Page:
DCMS Statement in response to public comments on the Programme for Government
This was published under the 2010 to 2015 Conservative and Liberal Democrat coalition government
How your views affected the programme for government.
We would like to thank everyone who responded to the Programme for Government and particularly those with comments relating to issues that are top priorities for the Department. All the comments are valuable to us and will help inform the way we work to improve our country and public services.
We received many comments about the BBC and the Television Licence Fee.
It was good to see that many people were very happy with the service the BBC provides and supported its continued independence. We agree and are committed to an independent, strong and successful BBC that is the cornerstone of British broadcasting.
However there were other comments where many people were concerned that the BBC does not represent value for money. People also commented that the licence fee is too high and that they would like an opt-out fee if they didn’t watch the BBC. The current licence fee settlement ends in 2012-13 and we will begin discussions next year about its renewal. No decisions about the level of the licence fee will be taken ahead of that however, like all other public organisations, we expect the BBC to demonstrate that it is operating efficiently and giving licence fee payers value for money. We will also give the National Audit Office full access to the BBC’s accounts.
There were many comments concerned with the lack or a reduction in religious broadcasting on television. We would like to reassure people that under the terms of the Communications Act (2003), public service broadcasters are obliged to broadcast a suitable quantity and range of programmes dealing with religion. Furthermore, one of the BBC’s six Public Purposes is to represent the UK, its nations, regions and communities. In achieving this, the BBC must take into account the importance of reflecting different religious beliefs. However we do believe that is for the broadcasters to decide what makes up their schedules, without any political interference.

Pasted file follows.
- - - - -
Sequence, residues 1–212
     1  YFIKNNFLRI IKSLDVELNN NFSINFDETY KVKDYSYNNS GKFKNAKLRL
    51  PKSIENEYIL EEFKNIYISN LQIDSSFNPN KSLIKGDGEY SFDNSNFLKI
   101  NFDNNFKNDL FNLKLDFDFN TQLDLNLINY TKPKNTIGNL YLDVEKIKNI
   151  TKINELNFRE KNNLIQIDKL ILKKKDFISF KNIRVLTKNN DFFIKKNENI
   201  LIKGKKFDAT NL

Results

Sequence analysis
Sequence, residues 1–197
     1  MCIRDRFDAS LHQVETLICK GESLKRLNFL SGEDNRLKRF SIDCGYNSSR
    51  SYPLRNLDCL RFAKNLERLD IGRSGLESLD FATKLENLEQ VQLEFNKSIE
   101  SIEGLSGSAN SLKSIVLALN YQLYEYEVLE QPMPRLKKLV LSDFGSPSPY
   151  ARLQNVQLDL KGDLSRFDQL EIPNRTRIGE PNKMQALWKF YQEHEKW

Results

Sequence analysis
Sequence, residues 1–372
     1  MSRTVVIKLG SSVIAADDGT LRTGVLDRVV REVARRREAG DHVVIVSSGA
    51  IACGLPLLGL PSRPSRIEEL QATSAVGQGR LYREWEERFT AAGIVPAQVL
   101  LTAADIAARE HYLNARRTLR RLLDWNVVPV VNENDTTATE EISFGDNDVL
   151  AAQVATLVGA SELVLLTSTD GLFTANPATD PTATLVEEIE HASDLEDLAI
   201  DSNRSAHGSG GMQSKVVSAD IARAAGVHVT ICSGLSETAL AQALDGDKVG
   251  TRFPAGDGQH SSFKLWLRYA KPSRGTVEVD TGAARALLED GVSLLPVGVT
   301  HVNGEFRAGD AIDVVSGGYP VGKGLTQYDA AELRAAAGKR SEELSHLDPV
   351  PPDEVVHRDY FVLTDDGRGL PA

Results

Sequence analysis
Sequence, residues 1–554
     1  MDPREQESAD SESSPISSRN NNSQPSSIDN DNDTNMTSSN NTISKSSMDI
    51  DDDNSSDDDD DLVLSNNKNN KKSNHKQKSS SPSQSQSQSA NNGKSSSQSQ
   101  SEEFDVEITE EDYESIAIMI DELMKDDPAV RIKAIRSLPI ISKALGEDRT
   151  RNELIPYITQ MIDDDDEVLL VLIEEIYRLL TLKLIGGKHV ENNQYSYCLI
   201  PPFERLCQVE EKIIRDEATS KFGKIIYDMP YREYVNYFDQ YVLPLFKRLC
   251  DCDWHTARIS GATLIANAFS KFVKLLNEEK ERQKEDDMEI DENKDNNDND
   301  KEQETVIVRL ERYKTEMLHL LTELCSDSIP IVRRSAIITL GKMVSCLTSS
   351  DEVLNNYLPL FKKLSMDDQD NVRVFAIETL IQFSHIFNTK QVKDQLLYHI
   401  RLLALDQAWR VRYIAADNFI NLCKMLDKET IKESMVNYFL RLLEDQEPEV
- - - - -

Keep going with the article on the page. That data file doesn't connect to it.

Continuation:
Several people were concerned with the lack of mention of **arts funding or support for the Arts Council **in the programme document, with most asking for an indication of the Government’s position to supporting the arts. On this issue we can confirm that the Government is wholly committed to a strong future for the arts. We are looking at stronger incentives to promote and strengthen philanthropy including better recognition for donors. We believe that a mixed economy, with public and private investment, Lottery funding and successful commercial activities will best protect the sector in these tough economic times and in the long term. Putting the economy back on its feet is in the interests of all our sectors - particularly the arts and culture sectors which receive significant amounts of private finance.
We are already restoring the National Lottery to its original good causes, which will boost the share going to the arts by around £50 million a year by 2012.
We also received comments on the Live Music Bill and the 2003 Licensing Act. All comments asked for the repeal of some restrictions on live music. We recognise that the licensing regime may deter certain venues from putting on live music and we are committed to cutting red tape around this and possibly other types of performance such as street theatre. We want to do this as quickly as possible, but we think there may be broader and more radical solutions than those being suggested already. We will, of course, consult those who may be affected by any new proposals, and ensure that we do not remove necessary protections for local residents and businesses.